Courtesy LIbrary of Congress At the time her husband Franklin Delano Roosevelt (we share birthdays!) would have been governor of New York, and within 8 months become the president-elect of the United States. Now that was something. The card was cancelled with a St. Paul & Williston RPO postmark (railroad post office – my grandfather worked the Chicago-St. Paul leg). Eleanor could very well have been west visiting her nephew, Teddy Roosevelt, Jr. at the Field Museum. Like his father, TR - the former president - Teddy Jr. was a naturalist and explorer. Perhaps Eleanor was in Chicago to attend a memorial service for William V. Kelley who had fully financed her nephew’s 1929 Asian expeditions (Kelley-Roosevelts Expedition) for the natural history museum. Kelley had just died days before the postmark date.
Grace Vanderbilt was close friends with Alice Roosevelt, TR’s daughter, and Teddy, Jr’s half-sister, and obviously knew Eleanor, although, later, she and Neily would be vocal opponents of FDR and his New Deal recovery program, which they thought were socialistic. Sounds familiar, does it not? (Neily even called the president a traitor to his class). Of course the Great Depression had little effect on the Vanderbilts or their friends. The House of Vanderbilt’s range was widespread. Besides the Fifth Avenue mansions (and a boatload of private yachts), family members owned several summer homes in Newport, Rhode Island (e.g The Breakers, Marble House, and Grace and Neily’s Beaulieu. At Hyde Park, New York, a Vanderbilt mansion combines withFDR’s birthplace, and Eleanor Roosevelt’s getaway Val-Kill, to form the National Park Service’s Vanderbilt-Roosevelt National Historic sites. .
So, why do people collect things? According to this informative site, it can be for a number of reasons. Personally, I think I do it for several of the reasons listed: it connects me with memories of my youth or to some place I’ve visited, or just hooks me in with something that fascinates me. I know when I’m in the heat of my obsession - whatever that may be at the time, I find it difficult to part with any of my collection. Sometimes I’ll sell a lesser item to acquire something better, but that’s the exception rather than the rule. At some point my interest flags and I sell or give away most of the collection and move on to something else. But I find no matter what I collect, it often triggers an intense desire in me to find out as much as I can about it. Like this Vanderbilt postcard. Because of one silly postcard and a giant slab of sandstone, all these odd historical, geological, architectural, political, and socioeconomic connections have been brought together here. It makes for a good story anyway.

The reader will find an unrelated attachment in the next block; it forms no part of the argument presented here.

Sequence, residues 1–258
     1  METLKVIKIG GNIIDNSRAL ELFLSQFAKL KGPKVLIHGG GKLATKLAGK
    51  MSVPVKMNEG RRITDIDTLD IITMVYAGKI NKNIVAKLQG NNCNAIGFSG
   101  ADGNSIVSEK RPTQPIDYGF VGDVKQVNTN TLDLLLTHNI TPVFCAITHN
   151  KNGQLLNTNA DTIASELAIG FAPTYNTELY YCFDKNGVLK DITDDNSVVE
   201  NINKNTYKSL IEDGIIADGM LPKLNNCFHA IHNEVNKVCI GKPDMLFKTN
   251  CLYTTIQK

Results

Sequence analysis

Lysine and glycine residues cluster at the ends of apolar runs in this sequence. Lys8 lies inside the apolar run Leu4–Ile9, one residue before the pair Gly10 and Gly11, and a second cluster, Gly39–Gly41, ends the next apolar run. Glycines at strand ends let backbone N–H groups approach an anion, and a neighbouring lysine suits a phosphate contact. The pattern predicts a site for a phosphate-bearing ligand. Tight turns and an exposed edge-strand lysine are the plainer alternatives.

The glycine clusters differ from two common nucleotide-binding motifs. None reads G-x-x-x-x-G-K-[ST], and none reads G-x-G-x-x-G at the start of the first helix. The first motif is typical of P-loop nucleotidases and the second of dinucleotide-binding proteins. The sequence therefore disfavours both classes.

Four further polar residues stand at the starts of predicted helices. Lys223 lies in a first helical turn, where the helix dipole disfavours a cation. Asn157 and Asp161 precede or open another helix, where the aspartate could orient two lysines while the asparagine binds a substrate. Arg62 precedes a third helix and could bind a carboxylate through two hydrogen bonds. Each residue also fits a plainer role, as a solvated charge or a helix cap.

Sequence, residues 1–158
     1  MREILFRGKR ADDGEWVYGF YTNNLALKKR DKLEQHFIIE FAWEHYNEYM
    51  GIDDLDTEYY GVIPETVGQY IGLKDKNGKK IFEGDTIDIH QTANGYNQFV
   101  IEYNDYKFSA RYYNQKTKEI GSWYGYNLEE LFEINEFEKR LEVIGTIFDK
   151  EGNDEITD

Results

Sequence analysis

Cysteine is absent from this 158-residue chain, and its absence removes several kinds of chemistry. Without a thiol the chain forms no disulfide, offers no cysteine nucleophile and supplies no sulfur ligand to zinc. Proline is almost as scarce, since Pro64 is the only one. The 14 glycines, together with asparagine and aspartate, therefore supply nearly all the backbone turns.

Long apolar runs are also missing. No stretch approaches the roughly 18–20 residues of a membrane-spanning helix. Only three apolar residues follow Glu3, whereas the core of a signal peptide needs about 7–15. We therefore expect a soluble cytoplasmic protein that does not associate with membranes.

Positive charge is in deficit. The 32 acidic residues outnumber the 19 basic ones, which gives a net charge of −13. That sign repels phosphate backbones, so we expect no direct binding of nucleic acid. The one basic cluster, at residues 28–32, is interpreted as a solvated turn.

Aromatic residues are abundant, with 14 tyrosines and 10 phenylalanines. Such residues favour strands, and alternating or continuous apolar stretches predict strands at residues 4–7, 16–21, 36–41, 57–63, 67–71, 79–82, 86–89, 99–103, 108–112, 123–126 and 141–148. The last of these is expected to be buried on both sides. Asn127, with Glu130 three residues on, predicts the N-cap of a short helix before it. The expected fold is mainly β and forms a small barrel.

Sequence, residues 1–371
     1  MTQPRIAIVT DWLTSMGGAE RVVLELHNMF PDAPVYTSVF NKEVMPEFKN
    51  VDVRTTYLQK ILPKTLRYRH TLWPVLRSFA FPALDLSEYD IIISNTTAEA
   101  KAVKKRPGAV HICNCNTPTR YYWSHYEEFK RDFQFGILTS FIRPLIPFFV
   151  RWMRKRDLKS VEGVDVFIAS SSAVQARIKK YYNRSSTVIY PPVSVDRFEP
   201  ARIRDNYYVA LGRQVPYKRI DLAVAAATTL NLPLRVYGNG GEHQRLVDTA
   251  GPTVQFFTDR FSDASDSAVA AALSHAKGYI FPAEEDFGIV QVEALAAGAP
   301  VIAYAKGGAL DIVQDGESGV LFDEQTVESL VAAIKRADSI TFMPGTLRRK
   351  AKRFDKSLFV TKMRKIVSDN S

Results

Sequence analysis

Courtesy Public domain via WikipediaI’ll end with one last anecdote. With all the interest this month with the 100th anniversary of the sinking of the Titanic, there’s a Vanderbilt connection to it. In April of 1912, George Vanderbilt and his wife – the second owners of the 640 Fifth Avenue mansion - were in Europe and had booked passage on the maiden voyage of the Titanic. But George’s mother-in-law expressed a very strong premonition and convinced them to make other plans. Lots can go wrong on maiden voyages, she said. Lucky for them, they followed her advice and removed their luggage from the doomed liner and made the trip back on its sister ship RMS Olympic instead. George’s footman, Frederic Wheeler, however wasn’t as lucky. Wheeler remained on the Titanic and perished in the disaster.
Queen of the Golden Age by Cornelius Vanderbilt IV, McGraw-Hill, 1956
Beetlehead’s 640 Fifth Avenue (excellent blog)
Mrs. Cornelius Vanderbilt, Munsey’s Magazine, Nov. 1905
Vanderbilt home and info on Flickr
Buckyballs are tiny spherical molecules made up of 60 carbon atoms arranged in what looks like a soccer ball, or a truncated icosahedron for those shape fans out there. Buckyballs are found naturally in soot and have even been found in deep space. They look promising for the medical field, for the development of a new class of battery, and now they may even be the key to living longer!
Courtesy Bryn C
In a recent study, scientists found that ingesting buckyballs can add years to your life! Well, if you're counting in rat-years. Scientists, in an attempt to better understand the toxicity of ingested buckyballs, gave three groups of rats different things to eat. One group, the control group, was fed a regular rat diet; the second group was fed olive oil; and the third, thought-to-be-ill-fated group, was fed olive oil laced with buckyballs. They found that the control group had a median lifespan of 22 months, the olive oil group had a 26-month lifespan, and the buckyball group had a 42-month lifespan – almost double that of the control group! I’m sure that was quite a surprise for the scientists.
As intriguing as these findings are, don’t go out and eat sooty olive oil…..I don’t think you’ll get the right results. This is just one study, and there’s a lot more research that needs to be done before they start selling Buckyballive oil.